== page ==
The Des Moines Register from Des Moines, Iowa on July 27, 1969 · Page 3
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July 27, 1969

A Publisher Extra Newspaper

The Des Moines Register from Des Moines, Iowa · Page 3

Des Moines, Iowa
Issue Date:
Sunday, July 27, 1969
Page 3
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Page 3 article text (OCR)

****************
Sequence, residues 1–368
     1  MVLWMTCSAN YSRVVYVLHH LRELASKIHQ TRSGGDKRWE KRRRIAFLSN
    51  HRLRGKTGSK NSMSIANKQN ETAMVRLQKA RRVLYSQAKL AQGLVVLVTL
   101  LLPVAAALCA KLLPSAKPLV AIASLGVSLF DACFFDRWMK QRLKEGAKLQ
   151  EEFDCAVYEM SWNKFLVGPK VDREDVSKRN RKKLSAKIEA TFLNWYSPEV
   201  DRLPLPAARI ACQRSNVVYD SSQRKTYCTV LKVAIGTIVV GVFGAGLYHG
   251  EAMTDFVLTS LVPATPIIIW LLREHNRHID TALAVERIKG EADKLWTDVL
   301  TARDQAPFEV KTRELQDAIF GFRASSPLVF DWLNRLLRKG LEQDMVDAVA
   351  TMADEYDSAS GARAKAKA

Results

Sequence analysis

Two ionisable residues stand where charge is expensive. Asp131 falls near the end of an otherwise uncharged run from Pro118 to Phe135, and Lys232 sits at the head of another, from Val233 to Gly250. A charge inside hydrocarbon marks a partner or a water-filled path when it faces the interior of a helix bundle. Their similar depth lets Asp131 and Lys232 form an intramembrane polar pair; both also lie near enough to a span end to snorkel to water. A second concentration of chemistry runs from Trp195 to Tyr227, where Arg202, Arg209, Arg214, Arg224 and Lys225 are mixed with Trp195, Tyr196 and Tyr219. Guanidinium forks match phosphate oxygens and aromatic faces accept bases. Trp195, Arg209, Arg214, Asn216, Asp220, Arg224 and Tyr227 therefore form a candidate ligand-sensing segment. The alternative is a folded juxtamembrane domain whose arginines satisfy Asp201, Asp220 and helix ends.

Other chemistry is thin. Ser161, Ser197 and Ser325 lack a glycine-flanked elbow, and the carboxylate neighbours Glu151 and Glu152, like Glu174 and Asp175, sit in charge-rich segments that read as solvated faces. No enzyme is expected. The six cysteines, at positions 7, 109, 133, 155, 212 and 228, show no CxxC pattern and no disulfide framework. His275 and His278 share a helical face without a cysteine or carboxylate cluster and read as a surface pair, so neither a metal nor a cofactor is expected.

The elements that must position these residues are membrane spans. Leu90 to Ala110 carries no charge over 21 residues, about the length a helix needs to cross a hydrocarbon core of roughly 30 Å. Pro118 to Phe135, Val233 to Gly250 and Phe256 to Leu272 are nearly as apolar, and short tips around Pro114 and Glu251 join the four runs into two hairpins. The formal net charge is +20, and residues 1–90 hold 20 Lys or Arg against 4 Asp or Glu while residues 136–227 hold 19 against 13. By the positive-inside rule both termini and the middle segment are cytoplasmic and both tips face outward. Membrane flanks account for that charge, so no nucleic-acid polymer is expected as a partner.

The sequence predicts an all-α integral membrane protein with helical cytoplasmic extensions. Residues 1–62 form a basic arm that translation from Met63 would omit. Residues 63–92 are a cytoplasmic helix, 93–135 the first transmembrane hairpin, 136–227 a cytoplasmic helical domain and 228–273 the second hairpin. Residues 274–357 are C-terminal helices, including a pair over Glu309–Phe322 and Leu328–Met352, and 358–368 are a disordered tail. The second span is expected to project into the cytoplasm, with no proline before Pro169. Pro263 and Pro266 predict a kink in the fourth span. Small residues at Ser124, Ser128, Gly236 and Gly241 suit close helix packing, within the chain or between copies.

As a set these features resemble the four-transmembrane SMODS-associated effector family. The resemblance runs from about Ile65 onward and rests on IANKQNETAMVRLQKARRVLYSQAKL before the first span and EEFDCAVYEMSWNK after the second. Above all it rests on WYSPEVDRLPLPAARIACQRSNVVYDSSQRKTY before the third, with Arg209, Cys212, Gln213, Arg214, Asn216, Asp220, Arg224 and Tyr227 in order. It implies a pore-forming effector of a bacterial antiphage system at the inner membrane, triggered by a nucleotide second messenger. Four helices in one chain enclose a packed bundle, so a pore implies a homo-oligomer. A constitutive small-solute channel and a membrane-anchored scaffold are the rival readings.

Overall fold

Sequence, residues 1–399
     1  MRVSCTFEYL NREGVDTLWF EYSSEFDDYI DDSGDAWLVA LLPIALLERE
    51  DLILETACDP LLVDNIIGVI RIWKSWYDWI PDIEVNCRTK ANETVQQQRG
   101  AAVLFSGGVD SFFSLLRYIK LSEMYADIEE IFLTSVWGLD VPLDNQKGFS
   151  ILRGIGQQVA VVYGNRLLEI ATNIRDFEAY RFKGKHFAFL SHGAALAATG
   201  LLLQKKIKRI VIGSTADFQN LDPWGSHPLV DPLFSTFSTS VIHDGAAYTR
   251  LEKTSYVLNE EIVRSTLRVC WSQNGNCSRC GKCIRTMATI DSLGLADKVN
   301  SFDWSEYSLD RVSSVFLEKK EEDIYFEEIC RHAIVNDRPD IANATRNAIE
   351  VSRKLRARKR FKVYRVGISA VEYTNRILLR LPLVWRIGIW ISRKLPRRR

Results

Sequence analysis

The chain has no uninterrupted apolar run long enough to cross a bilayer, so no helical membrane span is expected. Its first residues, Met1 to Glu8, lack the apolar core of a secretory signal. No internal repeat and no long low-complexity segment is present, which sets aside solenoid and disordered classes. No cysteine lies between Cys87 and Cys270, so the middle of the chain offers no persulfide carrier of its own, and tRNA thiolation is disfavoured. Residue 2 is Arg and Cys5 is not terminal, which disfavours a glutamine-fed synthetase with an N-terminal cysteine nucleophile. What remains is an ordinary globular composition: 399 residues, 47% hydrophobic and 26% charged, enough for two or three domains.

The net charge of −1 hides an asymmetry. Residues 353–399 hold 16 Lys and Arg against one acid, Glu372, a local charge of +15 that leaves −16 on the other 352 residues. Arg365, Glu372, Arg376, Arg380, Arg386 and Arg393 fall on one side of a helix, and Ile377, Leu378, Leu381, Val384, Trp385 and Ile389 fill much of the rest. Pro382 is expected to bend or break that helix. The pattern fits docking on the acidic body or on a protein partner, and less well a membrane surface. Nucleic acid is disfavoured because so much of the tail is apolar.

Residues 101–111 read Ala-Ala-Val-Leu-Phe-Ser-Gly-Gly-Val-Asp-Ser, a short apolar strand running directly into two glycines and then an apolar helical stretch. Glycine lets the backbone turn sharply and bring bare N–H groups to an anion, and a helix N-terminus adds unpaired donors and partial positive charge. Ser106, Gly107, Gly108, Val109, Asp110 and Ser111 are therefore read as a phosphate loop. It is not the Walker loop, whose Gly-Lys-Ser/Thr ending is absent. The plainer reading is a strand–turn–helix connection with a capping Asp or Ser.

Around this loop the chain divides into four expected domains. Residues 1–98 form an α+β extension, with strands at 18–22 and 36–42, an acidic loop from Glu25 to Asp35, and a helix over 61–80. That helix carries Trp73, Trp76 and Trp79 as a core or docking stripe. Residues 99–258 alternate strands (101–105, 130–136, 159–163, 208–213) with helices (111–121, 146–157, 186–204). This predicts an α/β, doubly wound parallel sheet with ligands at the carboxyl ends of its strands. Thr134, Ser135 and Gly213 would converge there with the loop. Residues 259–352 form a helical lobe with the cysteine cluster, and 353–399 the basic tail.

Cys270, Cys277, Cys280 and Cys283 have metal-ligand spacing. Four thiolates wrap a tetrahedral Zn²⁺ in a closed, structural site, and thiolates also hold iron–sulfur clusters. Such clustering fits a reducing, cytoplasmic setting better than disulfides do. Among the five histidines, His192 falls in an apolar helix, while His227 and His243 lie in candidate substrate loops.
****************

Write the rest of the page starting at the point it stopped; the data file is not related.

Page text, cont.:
r To Snag the Kids-No Parents Are Allowed De$ Moines Sunday Register '•>"'' "•,"» .. 3- General Section ARKHOFF- Continued from Page On* . Graduate," then put it in the bank and waited for Hoffman to become box office. Despite success, Arkoff and Nicholson have remained relatively unknown, by Hollywood's publicity standards. The reason, partly, is that both men are as out of step with the hoopla of the movie industry as they are on target with what the American public is apparently willing to spend millions to see. ""' Bored by Cocktail Parties "I detest cocktail parties and am bored as hell by most of the people who attend them," said Arkoff. "Do you know what most of the, so-called 'creative' people in this town are? "They're people who read book reviews and talk about books they haven't read; people who read movie reviews and talk about movies they haven't seen; people who read play reviews and talk about plays they haven't seen. "God, what a phony town." 'One thing ! remember is that there wasn't any anti-Jewish pressure on me as a kid. 9 A RKOPF, who chuckles at the mention of the "film as an art form," explains American International's success this way: "Jim and I are reasonably normal people in.,a completely abnormal town. We're reasonably competent in a business that is completely incompetent. We're reasonably thrifty in a business loaded with waste." When Arkoff was told those are about the same reasons an Iowa farmer might give after a financially successful bout with the federal government, he put his head back and laughed, laughed hard. "You know, you're right," he said. "Let me tell you something. You probably don't know this, but, around this town, I'm known, or was known, as that dumb Iowa farm boy." Was? "Yeah, well, I don't think people say that now as much as they used to." Arkoff does live in Hollywood style. His home sits cocooned in foliage near the Santa Monica Mountains. The road, although paved, is like a cozy, little-used country path, narrow enough for tree limbs to tangle overhead and occasionally blot out the sun. It is a typical Arkoff Saturday morning. He is sitting by his swimming pool reading film trade magazines. There is a foot-long cigar in one hand and a tall glass of dark liquid near the other. Chlorinated water cascades down a three-foot-high sculpture in the pool's shallow end. The sliding glass doors of the Arkoff house reflect the pool on three sides. Each door leads to a separate living room, one of which hides a Cinemascope screen and projection room. Have a Root Beer Looking up, he bounded from his lounge chair and extended a big, tough hand: "Sam Arkoff," he said simply. "Sit down and take your coat off. Too damned hot out here not to be comfortable. Want a drink? "Hilda," he called toward the house to his Canadian-born wife, "bring us a root beer, please, if there's any left." Samuel Zachary Arkoff was born in Fort Dodge June 12, 1918, first child of one of the town's "15 or 20" Jewish families. His father, a Russian immigrant, "ran a no-profit clothing store (Louis Clothing Co.) at First Avenue South and Seventh Street, a block off Central. "Every one of us kids — there were four brothers and a sister — had to put in our time at that store," he said. "There were a lot of days,- especially during the Depression, when my Dad took in maybe only flO." Arkoff's memories of Fort Dodge are not of lessons 'Hi 'v*^-iiV ' < 'x/xn&t '<. J xT * ' '•J-4><,si V?* ^ *> VI,' * ift>' "^ ^ The 5-foot 9-inch, 190-pound Arkoff after a three-month diet that shed 60 pounds. learned or philosophies found, but of things he did. Like watching Catholics on Sunday mornings. "I'd sit in our squeaky swing on the front porch at 308 N. Eighth Street watching them go to mass half a block away. "One thing I remember is that there wasn't any anti- Jewish pressure on me as a kid. There was so little of that kind of stuff in Iowa, for example, that the Jews used -to hold their high holiday services in the Knights of Columbus hall." Uncle Still There Arkoff delights in telling strangers that his uncle, David Lurle is still, at 75, a successful businessman in Fort Dodge. "Dave's been running Model Clothing Co. there since I can remember," Arkoff said. "I'll bet if you go there on any Saturday, the old man will be in the back room going over the books." (Arkoff's father died in 1948, his mother two years ago.) The Iowa boyhood Sam Arkoff remembers best was winning a five-minute ride in an Autogiro at age 13 (he'd sold the most Des Moines Sunday Register subscriptions in a contest) and placing third in a state speech contest as a junior at Fort Dodge High. "I wrote a hellishly florid oration entitled, 'I Am a Jew,' " he recalled, getting up from his lawn chair. Arkoff's mongrel dog, Nudgie, looked up from her shady place as Arkoff. now well back in the thoughts of another time and place, paced by his swimming pool reciting the opening lines of his oration: "/ am a Jew. 1 was born a Jew. 1 was raised a Jew. And 1 hope to die a Jew." Then, he stopped abruptly and sat down. "Told you it was florid as hell." he said with a sheepish grin. "But, I wrote it back in the days when Hitler was around and, at the time, it was considered a pretty far-out recitation." Hilda Arkoff appeared from the coolness of their home and gently interrupted her husband, who was explaining how his fir's! boyhood hero was "Roosevelt, a man who gave my generation something to believe in. . . ." "Sam," she told the movie producer, "don't you think it's time you go inside and put a shirt on? You've been talking so much, you're burned to a crisp." 'First, we'd think up a title^Our only concern was whether the title could be profitably exploited by advertising. Then, we'd hire someone to write a script for us.' From "Three in the Attic" M UMBLING, Arkoff trudged off toward the houso with Nudgie ambling at his heels. Somehow, the friendly man in his rumpled white patio shorts didn't look at all like a Hollywood big-butter-and-egg-man. Instead, he looked like the grown up version of the kid at Fort Dodge High who liked speech class and secretly bought Variety every week for 15 cents at Hogan's newsstand. Asked to Leave After high school, Arkoff. Commuted" between the University of Colorado at Boulder and the University of Iowa. After several semesters at Iowa, he "was asked to leave" because of poor class attendance. After a stint in the Air Force "as a codes and ciphers man who couldn't decode ciphers," he came to southern California and, despite the fact that he didn't have a bachelor's degree, entered law school at Loyola University at Los Angeles. His subsequent law degree was his "avenue" into the The Register's Autogiro movie business because, as an attorney, he could "pet in on the fringes of motion picture production and learn." A good sense of business and a growing awareness of how pictures are produced quickly landed Arkoff the untitled position of "producer" using someone else's money to make 30-minute situation comedy films for the then infant television networks. He and Nicholson (a one-time, usher and projectionist) began American International as a film distribution company 7 (American Releasing Corp.) in 1354 and turned to producing their own films a year later "when we discovered there weren't many independent pictures available to distribute," Arkoff explained. First Flick. "Apache Woman" The first AIP flick, "Apache Woman," was a Lloyd Bridges color western that copied hundreds of other shoot-'em-ups made by Republic Pictures (which, incidentally, had folded the previous year). "Apache Woman" took 10 years to break even; colossal dud. However, Arkoff and Nicholson had learned two things. "Apache Woman," because it ended up playing most houses as a second feature, didn't lend itself to exploitative advertising. And, because it was in color, it cost more than twice what it does to make a black-and-white film. Their problem: How do you make an inexpensive picture using no big-name stars while still keeping it from becoming a leftover on a double bill? As Arkoff says now: "Who's going to want to see a movie called 'John," starring Gordon Nobody?" Arkoff credits Nicholson with reaching the AIP solution: Make two Cheapie, black-and-white films with a common, mass-interest theme, then — after "advertising the hell out of them" — require the movie houses to exhibit the two films as a "package." The first package off the AIP assembly line was "The Day the World Ended" (written by Arkoff's brother-in-law) and "Phantom from 10.000 Leagues" (purchased from another independent film maker). The Third Ingredient The science-fiction combo made money, and Arkoff and Nicholson were off and running. AH that was needed was the third ingredient, which has since become the AIP mainstay: Make pictures which will draw teen - agers and young adults because the majority of the ticket buyers in the United States were, and still are, between 16 and 24, a fact, Arkoff says, the major studios had not taken seriously. To snag the kids, Arkoff and Nicholson made one rule: No parents or other "authority figures" were to be seen. "When we did show an adult, it was usually a bumbling Keenan Wynn, who kept carping at the kids to get off his property, or something just as inane," Arkoff said. Titles like "I Was a Teen-age Werewolf," "Pajama Party" and "Beach Party" became regular AIP fare. At about the same time, the studio was releasing "Brain Eaters," "Bucket 7 Blood" and "Attack of the Giant Leeches." AIP was also involved in releasing a-smattering of/Edgar Allan Poe shockers that habitually featured Vincent Prjt-e ("not a 'name' star, but, in the horror field, an actor with a definite following," Arkoff says). Overt Rebellion As the country's youth matured and overt signs of rebellion began to appear, American International was first into the' movie houses with its "protest" films, usually a sexy saga of motorcycle hoods — "The Wild Angels," "Devils Angels," "High School Hell Cats," and, completing the revolutionary cycle, "Wild in the Streets" in 1968. "The Wild Angels" achieved some critical acclaim abroad, but it raised more eyebrows than praise domestically. An orgy scene in a church disgusted some moviegoers, Arkoff chuckles, but was probably the x one thing that drew the sellout crowds. However, "Wild in the Streets," which made a star of Christopher Jones, a talented leftover from television's "Jesse James" series, represented a real departure for AIP. Notably, "Wild in the Streets" was a good film. Not only did it draw sizable critical acclaim, it honestly frightened many adults who saw it. And, in so doing, it brought AIP its biggest single-picture gross, up to that year. The picture traced the rise of a pot-smoking rock 'n 1 roll singer (Jones) through a tumultuous path to the White House. The United States had a 25-year-old President and kids were finally in control. Discussing his success in films, Arkoff disclosed a working formula that has been basic at AIP: "We always worked backward," he said. "First, we'd think up a title. Our only concern was whether the title could be profitably exploited by advertising. Then, we'd hire someone to write a script for us. "That's why Jim's 'I Was a Teen-age Werewolf was so brilliant. The picture itself was a gentle little film, so bland that it was boring. But that title . . ." Annette Funlccllo strrs because I spend a lot of timf and money trying to know what they're thinking." hr said. One of the ways ho keeps in touch is to invite neighborhood teen-agers to his house so he ran watch them watching motion pictures. Then. toil, he is probably one of the few business executives who seriously listen's to what his children, Louis, li). and Donna. 17. have to say Arkoff, though he dismisses most of his critics with a wave of his cigar and an archingly Hrittsh pronunciation of his pet name for them - "Hie pseudo-intellectual arty-fartys" -maintained that American International has done its hit for creative movie making. This Is Creativity'.' "What short of 'creativity' does it take," he demanded, with his own answer ready, "to bring 'Hello, Dolly' to the screen'.' Or to make an 'important' motion picture out of a pre- sold soapbox sex pap like 'The Love Machine'? "The intriguing thing about this town is that thr producers who engage in this sort of thing are so ego-laden that they've got to convince themselves, and the public, that they're engaged in 'a search Tor art for art's sake." His next word is unprintable. "So. because they can't stand the idea that they're, just businessmen out to make a buck, they create several facades of hypocrisy to make their egos feel better. "Hell, they know what THEY'RE selling just like we know what WE'RE selling. The only question that they, or we, really ever ask is. 'What kind of pigs shall I- raise because what kind of pigs will sell In the marketplace?' " Arkoff and Nicholson will make 16 pictures this year and/ will distribute several others. It will be Sam Arkoff's instincts that, will help decide where and how many millions will be spent, and why. "Hey." he says, squaring (iff at his visitor UKe a man getting ready for a long session of cracker-barrel checkers, "did you ever deliver newspapers in winter'. 1 / Tough Job / "Let me tell you. that's » damned Imlgh job. 1 can remember lugging those heavy Sunday Registers around in my wagon on mornings it was so cold the milk/was frozen on the porches." He. pauses and rubs more sunburn goo into his pudgy arms. *'/ haven't thmtyltt about fhnsr r/a;;.s in n \nn<\ tune. Those were some rlays. .Vol tbv be';t, but snrt' as hell nnt the ir/or.sf either . . . ." / '/ can tell whether a script will go over with the youngsters because I spend a lot of time 'and money trying to know what they're thinking.' Peter Fonda in "The Wild Angels" Uustin Hoffman James Nicholson N OW 20 years removed from his Iowa upbringing, Arkoff tries to be honest about the possible influences his home state might have had upon him: "I've never really known whether it's a question of geogra- ^ phy, or genes, that makes a man what he is." However, if Arkoff had to bet on the question, he said he'd probably "lay a few bucks on the genes." They're All Brilliant Back in Fort Dodge, David Lurie, his uncle, puts it this way: "All I know is that the whole family was brilliant — the one brother is a psychologist at the University of Hawaii, another has a big printing business in Los Angeles, the younger one is a doctor in Los Angeles and the sister is married to an engineer. "Ojie thing about Sam: He picks up and goes to Europe quicker Jhan I pick up and go to Des Moines." Arkoff says his secret is good merchandising and knowing |._g. what the public wants. Vincent Pric« Beach Scene from "Pajama Party" "I can .win warns. tell whether a script will eo over with the young- A typical Arkoff film scene